The Gateway to Laos
The next morning we filled out the visa paperwork in Alan's office in an adjoining room about three staggers from the bar. He pulled out a pair of glasses and looked over our passports. A poster of a voluptuous woman hung on his office wall. Outside on the patio Alan's wife and son ate breakfast, the black dog sitting at their feet. We handed Alan sixty US dollars each, and he handed us the paperwork that would get us into Laos.
Lao monk, That Luang Festival, Vientiane
The border between Thailand and Laos was teeming with tourists. We shuffled through the commotion a little faster than those travelers without the "Alan stamp of approval," and crossed over into Laos. We climbed into a songthaew (the flat bed of a truck, covered with a metal roof and welded to a motorcycle) and headed down the road to Vientiane. The songthaew pulled over from time to time as other passengers got on and off. A young Lao woman, walking along the road, smiled at me. She wore a traditional Lao skirt - a large piece of cloth gathered at the navel that sweeps down to the ankle. Reaching from the hem to the knee are intricate designs, sewn with bright, colorful thread.
The songthaew stirred up dirt from the roads, and a train of dust followed behind us. As we neared the city, little wooden houses gave way to big hotels. We jumped off at the Lao Paris Hotel in downtown Vientiane. For 20 US dollars a night, we got a nice clean room with comfortable beds, hot water and toilet paper. The lobby was paneled with polished teak. The stairs, the beams, the doorways were all cut out of that native red wood. We dropped our backpacks and ventured out.
Vientiane is the capital of Laos (technically the Lao People's Democratic Republic). The country's origins date back to 1353 when several feuding kingdoms unified into one nation called Lane Xang, the "Kingdom of a Million Elephants." The French officially occupied Laos from the late 1800s until 1953, when the country finally won its independence. But the newly crowned monarchy had new problems. President Eisenhower declared that Laos would be the next country to fall in his "domino theory" of communism. This remote country, long since considered the backwater of Southeast Asia, suddenly attracted the international spotlight... much the same way perfume attracts mosquitoes. Pounded by American bombers during the Vietnam War, riddled with corruption, and frustrated from a history of foreign domination, the domino didn't fall - it was kicked over. The communist government of the Pathet Lao took command on August 23, 1975.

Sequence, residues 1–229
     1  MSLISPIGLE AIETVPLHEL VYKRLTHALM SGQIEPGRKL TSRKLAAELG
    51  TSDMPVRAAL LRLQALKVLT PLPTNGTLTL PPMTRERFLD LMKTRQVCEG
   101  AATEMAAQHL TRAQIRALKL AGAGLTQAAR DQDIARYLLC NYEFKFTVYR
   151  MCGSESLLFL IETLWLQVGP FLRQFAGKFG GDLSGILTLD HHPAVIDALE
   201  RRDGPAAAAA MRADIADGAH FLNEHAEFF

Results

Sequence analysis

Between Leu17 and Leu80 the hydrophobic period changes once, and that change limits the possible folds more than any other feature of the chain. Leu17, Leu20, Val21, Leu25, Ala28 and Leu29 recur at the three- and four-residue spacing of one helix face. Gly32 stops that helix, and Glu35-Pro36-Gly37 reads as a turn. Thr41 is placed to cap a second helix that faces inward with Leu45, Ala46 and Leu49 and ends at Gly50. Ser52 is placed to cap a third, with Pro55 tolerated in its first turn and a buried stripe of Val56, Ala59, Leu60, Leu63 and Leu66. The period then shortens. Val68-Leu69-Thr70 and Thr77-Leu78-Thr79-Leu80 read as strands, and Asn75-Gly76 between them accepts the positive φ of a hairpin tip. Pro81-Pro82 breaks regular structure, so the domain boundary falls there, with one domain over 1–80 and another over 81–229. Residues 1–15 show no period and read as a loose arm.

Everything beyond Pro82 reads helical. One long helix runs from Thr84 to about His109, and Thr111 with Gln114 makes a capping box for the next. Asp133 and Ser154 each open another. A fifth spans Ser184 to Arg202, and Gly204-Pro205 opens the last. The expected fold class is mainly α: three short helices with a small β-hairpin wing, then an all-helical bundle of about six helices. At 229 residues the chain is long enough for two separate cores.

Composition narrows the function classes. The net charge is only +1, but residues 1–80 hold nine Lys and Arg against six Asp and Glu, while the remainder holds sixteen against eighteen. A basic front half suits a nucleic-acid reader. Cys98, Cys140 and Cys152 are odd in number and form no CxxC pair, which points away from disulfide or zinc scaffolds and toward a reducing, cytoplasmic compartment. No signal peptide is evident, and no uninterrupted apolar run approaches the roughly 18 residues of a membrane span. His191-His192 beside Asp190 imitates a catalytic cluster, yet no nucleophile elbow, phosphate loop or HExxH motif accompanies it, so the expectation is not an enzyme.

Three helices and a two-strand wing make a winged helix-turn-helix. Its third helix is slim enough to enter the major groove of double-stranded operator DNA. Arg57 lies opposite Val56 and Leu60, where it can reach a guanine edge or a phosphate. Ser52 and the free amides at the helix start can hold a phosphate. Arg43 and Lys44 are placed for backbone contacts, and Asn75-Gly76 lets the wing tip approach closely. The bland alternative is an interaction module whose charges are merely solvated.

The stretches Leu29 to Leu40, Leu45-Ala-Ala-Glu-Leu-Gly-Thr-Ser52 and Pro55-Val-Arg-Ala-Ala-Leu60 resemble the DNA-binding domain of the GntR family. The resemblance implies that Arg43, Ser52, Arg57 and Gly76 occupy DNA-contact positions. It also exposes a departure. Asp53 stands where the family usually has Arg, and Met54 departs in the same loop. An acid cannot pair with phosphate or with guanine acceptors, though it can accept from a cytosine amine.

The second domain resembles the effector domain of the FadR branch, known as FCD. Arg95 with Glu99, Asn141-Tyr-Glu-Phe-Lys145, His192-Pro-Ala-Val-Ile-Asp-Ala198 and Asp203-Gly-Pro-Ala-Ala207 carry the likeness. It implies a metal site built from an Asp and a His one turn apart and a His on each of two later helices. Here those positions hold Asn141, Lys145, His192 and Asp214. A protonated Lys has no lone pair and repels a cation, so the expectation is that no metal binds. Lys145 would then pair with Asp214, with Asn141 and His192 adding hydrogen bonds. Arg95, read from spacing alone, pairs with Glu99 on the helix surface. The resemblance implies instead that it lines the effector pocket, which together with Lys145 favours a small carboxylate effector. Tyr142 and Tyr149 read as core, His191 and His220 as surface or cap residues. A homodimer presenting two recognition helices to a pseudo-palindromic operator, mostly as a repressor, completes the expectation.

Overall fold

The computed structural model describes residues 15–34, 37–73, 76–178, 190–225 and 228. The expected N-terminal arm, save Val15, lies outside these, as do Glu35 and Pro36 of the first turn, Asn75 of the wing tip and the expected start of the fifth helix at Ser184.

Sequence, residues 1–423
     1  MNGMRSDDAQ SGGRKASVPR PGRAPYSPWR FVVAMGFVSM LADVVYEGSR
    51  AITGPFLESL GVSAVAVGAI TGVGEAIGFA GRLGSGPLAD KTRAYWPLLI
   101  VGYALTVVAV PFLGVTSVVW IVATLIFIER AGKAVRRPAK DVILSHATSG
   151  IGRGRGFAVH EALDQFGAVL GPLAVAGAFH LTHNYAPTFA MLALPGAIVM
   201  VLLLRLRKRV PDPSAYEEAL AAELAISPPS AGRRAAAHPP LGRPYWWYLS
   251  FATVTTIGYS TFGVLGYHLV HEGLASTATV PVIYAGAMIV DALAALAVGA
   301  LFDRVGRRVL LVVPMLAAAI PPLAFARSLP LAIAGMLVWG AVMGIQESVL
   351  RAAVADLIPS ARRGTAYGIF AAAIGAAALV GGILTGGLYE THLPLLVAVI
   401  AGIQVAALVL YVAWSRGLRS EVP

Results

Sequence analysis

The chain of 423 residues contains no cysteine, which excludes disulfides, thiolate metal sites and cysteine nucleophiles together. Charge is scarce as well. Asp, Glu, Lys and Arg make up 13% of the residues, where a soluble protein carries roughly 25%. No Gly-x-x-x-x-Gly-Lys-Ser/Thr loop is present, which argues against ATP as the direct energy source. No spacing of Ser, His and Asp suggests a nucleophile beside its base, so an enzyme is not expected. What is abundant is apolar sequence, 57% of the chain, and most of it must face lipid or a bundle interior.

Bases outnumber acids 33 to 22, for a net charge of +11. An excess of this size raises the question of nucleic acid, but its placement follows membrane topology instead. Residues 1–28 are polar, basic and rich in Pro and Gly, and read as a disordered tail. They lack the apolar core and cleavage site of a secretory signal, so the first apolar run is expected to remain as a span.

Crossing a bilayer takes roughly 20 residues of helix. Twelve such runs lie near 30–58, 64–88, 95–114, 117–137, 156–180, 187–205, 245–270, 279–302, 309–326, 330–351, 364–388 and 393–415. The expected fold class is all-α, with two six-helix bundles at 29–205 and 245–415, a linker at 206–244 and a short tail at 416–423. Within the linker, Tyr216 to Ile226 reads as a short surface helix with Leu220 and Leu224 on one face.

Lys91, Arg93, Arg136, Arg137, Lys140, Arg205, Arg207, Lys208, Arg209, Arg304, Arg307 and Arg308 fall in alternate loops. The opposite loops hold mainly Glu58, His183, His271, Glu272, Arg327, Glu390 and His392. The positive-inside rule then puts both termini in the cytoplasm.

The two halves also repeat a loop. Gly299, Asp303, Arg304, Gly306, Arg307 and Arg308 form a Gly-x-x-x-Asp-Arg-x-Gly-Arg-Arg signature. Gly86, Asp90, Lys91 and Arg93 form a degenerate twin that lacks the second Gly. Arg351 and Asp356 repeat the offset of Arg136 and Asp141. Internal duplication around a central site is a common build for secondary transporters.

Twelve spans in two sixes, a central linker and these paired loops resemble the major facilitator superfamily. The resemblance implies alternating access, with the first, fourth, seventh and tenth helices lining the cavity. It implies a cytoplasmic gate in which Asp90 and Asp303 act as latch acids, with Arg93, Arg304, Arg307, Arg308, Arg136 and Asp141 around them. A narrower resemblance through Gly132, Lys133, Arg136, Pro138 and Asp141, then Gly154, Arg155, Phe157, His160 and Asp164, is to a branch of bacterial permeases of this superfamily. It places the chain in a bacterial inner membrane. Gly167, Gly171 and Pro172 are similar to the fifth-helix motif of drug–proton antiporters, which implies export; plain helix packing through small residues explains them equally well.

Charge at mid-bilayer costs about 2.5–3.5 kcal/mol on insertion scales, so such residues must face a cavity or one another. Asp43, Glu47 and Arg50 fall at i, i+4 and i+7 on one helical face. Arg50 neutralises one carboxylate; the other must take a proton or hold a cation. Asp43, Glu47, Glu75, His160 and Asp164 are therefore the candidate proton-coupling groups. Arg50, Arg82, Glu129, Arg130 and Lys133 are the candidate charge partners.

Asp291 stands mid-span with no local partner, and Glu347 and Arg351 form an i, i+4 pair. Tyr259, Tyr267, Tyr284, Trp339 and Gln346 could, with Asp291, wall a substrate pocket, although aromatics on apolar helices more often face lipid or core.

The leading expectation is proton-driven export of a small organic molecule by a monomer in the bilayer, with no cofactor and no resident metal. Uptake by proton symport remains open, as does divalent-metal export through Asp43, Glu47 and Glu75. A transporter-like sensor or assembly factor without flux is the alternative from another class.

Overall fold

I had never been to a communist country before, and in truth, if I didn't know the history, I wouldn't know it was one. There were no political signs, no massive statues of leaders in peasant shirts, no red banners, no context clues. There were merchants and tourists. Quiet temples, wandering monks. Baby powder and Crest toothpaste in the local drug stores.